Chapter 15

Beware that there be not a base thought in thine heart.
Deuteronomy 15:9

The words flash like a light into the inner places of the life. We are warned against entertaining a base conception in the region of desire. To read them apart from their context is to realize what God is ever seeking in us. It is not enough that we abstain from base deeds. The heart must be free from baseness in thought. But the words become far more searching when they are interpreted by the context. Considering them alone, we might limit their application to things counted vulgar by men - to thoughts of murder, of impurity, of fraud. Examining them in their setting, we discover that the base thought referred to is that of a man who would refuse to help a fellow-man in immediate need, because the legal year of release was near at hand. That is a word, not of light alone, but also of fire. How perpetually prone we all are to this very kind of baseness! The need is patent, we do not deny it, but relief will come presently of necessity; therefore there is no urgency laid upon us to help. That is a base thought. To the people of God, immediate need calls for immediate help. We have no right to take refuge in our selfishness, under the plea of relief which will come presently. We are to give at once, and that not with grief in our hearts. Reluctance in giving sterilizes the gift. God is ever calling us to such vital fellowship with Himself that we give gladly, generously, immediately. Happy shall we be, if this world of light and fire from the old economy shall in us:

Chapter 16

They shall not appear before the Lord empty.
Deuteronomy 16:16

This command had application to the three great feasts of the year, those, namely, of Passover, with which it opened; of Pentecost, connected with harvest; and of Tabernacles, the great feast of remembrance and of joy. The observance of each of these feasts was a recognition of what the people owed to God. At Passover, they were reminded that their national existence was the result of their deliverance by God out of Egypt's bondage. At Pentecost, they recognized that not only their existence as a nation, but their perpetual sustenance also, was dependent upon His crowning of their toil. At Tabernacles, they recalled all the way in which He had led them, especially in the wilderness, and confessed that their possession of the land was the result of His gift. Nevertheless, in every one of them, they were called upon to bring gifts to God. This is an ever-increasing wonder to the truly devout heart. It seems incredible that man can offer anything to God that can possibly be worth His acceptance. And there is a sense in which it is true that He needs nothing. But He does value the spirit of devotion and love which prompts the gift. Where the full hands of worshippers are the results of hearts full of love, however poor intrinsically our gifts may be, they are very precious to. Him. It is all very wonderful in its revelation of the fact that our eternal, almighty, infinite God, is no cold impassive Deity, but a God Whose heart is a very real fact.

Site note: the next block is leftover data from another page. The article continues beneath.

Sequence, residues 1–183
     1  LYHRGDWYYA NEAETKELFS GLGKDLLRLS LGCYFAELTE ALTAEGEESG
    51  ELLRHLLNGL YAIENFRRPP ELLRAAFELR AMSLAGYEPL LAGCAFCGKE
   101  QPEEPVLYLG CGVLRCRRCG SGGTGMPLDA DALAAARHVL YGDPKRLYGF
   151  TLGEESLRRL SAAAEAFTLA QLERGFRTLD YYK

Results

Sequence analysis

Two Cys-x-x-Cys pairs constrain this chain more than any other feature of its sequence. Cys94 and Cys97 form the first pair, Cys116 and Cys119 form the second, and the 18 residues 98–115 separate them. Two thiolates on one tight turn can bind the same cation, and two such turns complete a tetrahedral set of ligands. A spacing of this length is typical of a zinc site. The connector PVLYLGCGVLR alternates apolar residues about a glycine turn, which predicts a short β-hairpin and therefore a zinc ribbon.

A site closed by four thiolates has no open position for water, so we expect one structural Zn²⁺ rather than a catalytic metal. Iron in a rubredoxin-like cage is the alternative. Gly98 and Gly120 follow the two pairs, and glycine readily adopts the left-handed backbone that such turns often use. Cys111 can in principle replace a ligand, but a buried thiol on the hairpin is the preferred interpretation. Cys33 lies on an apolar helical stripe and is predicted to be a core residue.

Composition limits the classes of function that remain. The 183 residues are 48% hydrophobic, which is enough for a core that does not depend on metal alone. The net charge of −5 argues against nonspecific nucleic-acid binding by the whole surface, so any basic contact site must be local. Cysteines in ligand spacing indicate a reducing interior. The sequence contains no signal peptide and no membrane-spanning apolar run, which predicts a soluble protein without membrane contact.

Chapter 17

He shall write him a copy of this law in a book.
Deuteronomy 17:18

In this chapter, at verse fourteen, we commence a section which ends at the close of the next chapter. It deals with the threefold medium through which the will of God would be interpreted to the people, that of the king, the priest, the prophet. In this chapter the subject is that of the king. In dealing with it, Moses was speaking in the light of prophetic foresight. He foresaw what would happen after they came into the land. He knew how they would clamour for a king, and how God would grant them their request, and so teach them, ultimately, the folly of their desire. In the light of this, the principles of the appointment were declared. The king must be chosen of God, and be of their own nation. He was forbidden to multiply horses, wives, silver and gold. Perhaps the most striking requirement was this, that he, the king, should write a copy of the law in a book. Necessarily the purpose was that he should be a student of the law, but this requirement gave special emphasis to that requirement. One wonders how many of the kings carried out this wise instruction. This whole paragraph is a remarkable revelation of God's ideal of a king. It would be an interesting exercise to place the kings of all time by the side of it for measurement. Such a procedure would inevitably result in a twofold consciousness. First, we should surely discover that the measure in which kings have approximated to this ideal, is the measure in which they have contributed to national strength. Second, we should as surely find that one King only fulfils the conditions.